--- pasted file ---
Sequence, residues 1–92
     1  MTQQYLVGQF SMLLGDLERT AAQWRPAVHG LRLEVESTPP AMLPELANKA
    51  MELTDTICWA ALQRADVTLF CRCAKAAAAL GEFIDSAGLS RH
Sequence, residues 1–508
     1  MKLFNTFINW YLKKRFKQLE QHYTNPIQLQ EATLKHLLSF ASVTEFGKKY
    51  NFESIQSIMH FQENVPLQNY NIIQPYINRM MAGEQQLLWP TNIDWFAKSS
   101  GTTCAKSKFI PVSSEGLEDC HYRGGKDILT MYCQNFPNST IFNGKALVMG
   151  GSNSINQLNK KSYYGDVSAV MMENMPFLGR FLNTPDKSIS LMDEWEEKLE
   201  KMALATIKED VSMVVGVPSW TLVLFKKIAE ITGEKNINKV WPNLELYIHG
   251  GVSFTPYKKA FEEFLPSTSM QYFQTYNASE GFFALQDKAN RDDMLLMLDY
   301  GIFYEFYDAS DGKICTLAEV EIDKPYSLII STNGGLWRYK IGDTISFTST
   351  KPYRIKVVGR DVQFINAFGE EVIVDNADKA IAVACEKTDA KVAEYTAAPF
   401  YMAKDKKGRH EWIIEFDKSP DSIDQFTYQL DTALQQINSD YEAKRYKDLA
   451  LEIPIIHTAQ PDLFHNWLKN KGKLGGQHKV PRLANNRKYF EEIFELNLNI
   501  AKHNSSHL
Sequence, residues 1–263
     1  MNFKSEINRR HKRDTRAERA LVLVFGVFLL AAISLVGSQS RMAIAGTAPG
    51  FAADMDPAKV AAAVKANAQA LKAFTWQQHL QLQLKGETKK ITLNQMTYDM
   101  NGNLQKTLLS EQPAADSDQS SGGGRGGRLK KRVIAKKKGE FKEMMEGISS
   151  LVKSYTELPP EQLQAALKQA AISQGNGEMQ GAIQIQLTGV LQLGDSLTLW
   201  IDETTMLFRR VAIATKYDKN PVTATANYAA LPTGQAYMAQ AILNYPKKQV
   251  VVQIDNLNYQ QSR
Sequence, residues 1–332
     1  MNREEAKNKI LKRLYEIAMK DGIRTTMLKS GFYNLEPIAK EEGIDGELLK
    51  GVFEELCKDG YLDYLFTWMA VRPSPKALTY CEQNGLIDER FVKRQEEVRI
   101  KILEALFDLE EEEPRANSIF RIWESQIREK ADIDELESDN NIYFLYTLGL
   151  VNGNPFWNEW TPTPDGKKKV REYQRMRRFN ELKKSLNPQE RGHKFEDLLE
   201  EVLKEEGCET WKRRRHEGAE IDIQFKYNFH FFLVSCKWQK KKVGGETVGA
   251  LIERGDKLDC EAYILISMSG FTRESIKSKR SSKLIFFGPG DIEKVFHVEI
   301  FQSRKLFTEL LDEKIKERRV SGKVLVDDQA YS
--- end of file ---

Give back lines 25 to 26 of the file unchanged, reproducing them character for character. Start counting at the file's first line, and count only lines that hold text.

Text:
    51  GVFEELCKDG YLDYLFTWMA VRPSPKALTY CEQNGLIDER FVKRQEEVRI
   101  KILEALFDLE EEEPRANSIF RIWESQIREK ADIDELESDN NIYFLYTLGL